Symptoms of ADHD

Attention Deficit Hyperactivity Disorder (ADHD) is a common childhood condition that impairs functioning in school, home and in the community. Individuals with ADHD live with consistent problems in inattention and/or hyperactivity. People with ADHD have trouble focusing their attention in a directed and productive manner during certain activities. Symptoms include hyperactivity, inattention, impulsivity, difficulty organizing, being easily distracted, forgetfulness, and fidgetiness. Researchers have found neurological differences between those with ADHD and those who do not have ADHD. Low levels of a neurotransmitter called norepinephrine and impaired neurological activity in the frontal cortex, limbic system, reticular activating system, and basal ganglia are the most notable brain altercations.

To be considered a clinical disorder, an individual must experience a certain number of symptoms and they are severe enough to cause significant problems in academics, occupational and/or social functioning. There are three types of ADHD: primarily hyperactive-impulsive type, primarily inattentive type, and a combined type.

ADHD in School

According to the CDC, almost 10% of children ages 2 to 17 have been diagnosed with ADHD. School can be especially difficult for students with ADHD. Lorraine E. Wolf referred to ADHD, among other school related diagnoses, a “hidden disability”. Students often suffer a long time with school anxiety and performance issues. Even when they are formally diagnosed, they may continue to struggle. Additionally, many individuals with ADHD deal with comorbid mental health issues, such as anxiety, obsessive-compulsive disorder, autism spectrum disorder, and learning disorders.

ADHD Treatments

Parents are continually seeking treatments to help their children. Adults with ADHD are also in need of effective treatments to manage their condition.  The most common treatment is psychiatric medication, such as methlyphenidate (i.e. Ritalin, Concerta), amphetamine (i.e. Adderall, Dexedrine), and modified stimulant formulations, as well as certain non-stimulant medications. Behavioral therapy that targets modification of adaptive behaviors has been shown to significantly help people with ADHD. Cognitive-based training targets improving cognitive performance using specialized computer software programs. Parenting training is a form of therapy intended to assist parents in better supporting their children. Another promising treatment is neurofeedback.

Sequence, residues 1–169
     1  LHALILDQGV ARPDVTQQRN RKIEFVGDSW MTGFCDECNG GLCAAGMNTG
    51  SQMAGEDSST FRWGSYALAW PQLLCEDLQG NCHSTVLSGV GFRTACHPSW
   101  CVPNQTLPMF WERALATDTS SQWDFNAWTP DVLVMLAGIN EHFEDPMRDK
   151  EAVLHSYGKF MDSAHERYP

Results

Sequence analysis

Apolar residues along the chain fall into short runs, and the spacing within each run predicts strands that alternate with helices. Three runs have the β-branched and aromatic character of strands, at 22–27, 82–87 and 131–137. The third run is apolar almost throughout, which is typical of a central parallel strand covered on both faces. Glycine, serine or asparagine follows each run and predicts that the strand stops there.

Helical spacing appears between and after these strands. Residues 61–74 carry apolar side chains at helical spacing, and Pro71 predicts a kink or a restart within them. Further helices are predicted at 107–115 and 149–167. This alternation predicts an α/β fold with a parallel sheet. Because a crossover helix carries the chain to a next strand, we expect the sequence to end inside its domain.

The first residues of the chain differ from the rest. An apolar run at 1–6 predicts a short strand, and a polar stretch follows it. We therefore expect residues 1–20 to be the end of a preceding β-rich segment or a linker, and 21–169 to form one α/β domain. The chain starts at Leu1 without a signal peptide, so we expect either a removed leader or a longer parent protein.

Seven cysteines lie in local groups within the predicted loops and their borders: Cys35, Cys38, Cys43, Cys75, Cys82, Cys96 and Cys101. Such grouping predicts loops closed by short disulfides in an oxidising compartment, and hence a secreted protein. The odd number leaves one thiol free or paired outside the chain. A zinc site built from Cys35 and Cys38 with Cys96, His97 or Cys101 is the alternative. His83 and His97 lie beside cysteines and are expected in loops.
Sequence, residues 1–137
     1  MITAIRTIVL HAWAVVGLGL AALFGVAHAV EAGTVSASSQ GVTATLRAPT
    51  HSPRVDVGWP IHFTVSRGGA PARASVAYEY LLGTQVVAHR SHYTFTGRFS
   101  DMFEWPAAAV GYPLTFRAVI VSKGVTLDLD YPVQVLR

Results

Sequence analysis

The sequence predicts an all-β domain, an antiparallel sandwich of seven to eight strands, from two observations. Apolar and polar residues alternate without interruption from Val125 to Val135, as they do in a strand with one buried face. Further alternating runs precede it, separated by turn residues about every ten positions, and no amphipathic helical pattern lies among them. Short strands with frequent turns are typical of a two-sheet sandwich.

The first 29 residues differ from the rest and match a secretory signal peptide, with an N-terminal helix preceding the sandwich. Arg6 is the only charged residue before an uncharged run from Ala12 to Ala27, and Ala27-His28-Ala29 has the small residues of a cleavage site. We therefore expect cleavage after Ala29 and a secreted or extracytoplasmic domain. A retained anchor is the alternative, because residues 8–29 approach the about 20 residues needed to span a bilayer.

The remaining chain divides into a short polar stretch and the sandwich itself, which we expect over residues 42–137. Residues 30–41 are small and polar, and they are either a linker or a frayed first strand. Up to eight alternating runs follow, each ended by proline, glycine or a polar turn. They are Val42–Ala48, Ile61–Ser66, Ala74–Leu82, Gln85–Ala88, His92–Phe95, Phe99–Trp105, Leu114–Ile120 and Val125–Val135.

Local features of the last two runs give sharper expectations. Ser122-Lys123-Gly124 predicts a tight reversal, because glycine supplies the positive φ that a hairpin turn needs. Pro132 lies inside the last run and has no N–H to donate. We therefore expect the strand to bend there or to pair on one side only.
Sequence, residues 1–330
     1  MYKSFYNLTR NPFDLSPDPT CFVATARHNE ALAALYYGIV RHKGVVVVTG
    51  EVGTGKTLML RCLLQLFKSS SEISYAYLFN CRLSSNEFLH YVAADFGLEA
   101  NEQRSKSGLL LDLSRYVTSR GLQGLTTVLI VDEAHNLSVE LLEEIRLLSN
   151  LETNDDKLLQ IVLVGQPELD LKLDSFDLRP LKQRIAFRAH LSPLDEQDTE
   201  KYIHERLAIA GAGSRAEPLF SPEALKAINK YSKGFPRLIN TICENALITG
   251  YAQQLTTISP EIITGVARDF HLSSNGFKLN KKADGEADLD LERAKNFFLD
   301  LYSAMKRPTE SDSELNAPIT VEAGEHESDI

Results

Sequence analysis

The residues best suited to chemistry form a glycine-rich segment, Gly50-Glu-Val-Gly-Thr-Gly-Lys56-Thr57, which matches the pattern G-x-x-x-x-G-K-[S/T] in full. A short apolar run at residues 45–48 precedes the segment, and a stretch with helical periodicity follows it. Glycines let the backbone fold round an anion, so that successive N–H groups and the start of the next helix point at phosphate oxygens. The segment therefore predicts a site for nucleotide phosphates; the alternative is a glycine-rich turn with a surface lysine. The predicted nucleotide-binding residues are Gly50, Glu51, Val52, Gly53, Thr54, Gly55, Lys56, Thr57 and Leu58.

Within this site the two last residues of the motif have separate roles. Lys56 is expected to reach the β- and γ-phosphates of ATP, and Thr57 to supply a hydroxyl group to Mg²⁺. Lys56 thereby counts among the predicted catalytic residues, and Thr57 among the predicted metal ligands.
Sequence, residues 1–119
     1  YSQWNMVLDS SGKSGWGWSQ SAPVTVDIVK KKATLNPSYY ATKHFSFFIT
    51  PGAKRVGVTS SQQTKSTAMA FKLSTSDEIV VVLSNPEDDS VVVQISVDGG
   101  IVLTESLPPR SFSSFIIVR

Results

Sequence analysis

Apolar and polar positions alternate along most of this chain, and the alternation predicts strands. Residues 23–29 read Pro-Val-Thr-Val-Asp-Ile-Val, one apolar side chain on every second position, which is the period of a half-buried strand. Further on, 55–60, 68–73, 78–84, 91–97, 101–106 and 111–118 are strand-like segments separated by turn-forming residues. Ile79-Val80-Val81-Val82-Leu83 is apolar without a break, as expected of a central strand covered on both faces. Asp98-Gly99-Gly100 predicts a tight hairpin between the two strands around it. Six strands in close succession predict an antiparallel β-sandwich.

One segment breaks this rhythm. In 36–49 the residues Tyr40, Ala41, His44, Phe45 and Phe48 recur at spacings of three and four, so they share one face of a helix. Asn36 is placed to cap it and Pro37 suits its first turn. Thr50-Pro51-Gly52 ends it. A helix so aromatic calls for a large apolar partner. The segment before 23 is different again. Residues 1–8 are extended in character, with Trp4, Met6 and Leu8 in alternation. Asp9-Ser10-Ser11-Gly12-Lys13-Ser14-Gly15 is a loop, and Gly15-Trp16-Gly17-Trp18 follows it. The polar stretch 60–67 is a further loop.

How Does Neurofeedback Work for ADHD?

Neurofeedback is a form of neurotherapy that utilizes a computer interface to train individuals to improve their brain functioning. The neurofeedback system measures brain wave activity (i.e. electroencephalogram or EEG) using scalp sensors. These EEG patterns are ultimately “fed back” to the user in real time, usually via a computer game or sound.  The type of feedback is based on the user’s performance. The user is rewarded when the brain produces intended EEG patterns.

In ADHD individuals, the goal is to optimize brain wave activity that reflects a reduction of their symptoms. After numerous sessions, the user should be able to modify his or her own cognitive performance without the use of a computer. Randomized control trial studies have shown that approximately 30 to 40 sessions were as effective as methyphenidate in reducing inattentiveness and hyperactivity, as well as contributed to improved academic performance.

Where Can I Get Neurofeedback?

Dr. Mazzei is a Health Psychologist and board certified practitioner of neurofeedback. She works with children, adolescents and adults with ADHD to improve their brain functioning and overall life satisfaction in their school, work and social lives. When you first meet Dr. Mazzei, she will get a better understanding of your unique situation and then establish a treatment plan. During therapy, you will continually make modifications to ensure that you are receiving the best care. To schedule an initial consultation, please call our office at (480) 448-6755.

Dr. Mazzei’s office is conveniently located at 3120 N. Arizona Ave. Suite 103, Chandler, AZ.

Neurofeedback for ADHD Chandler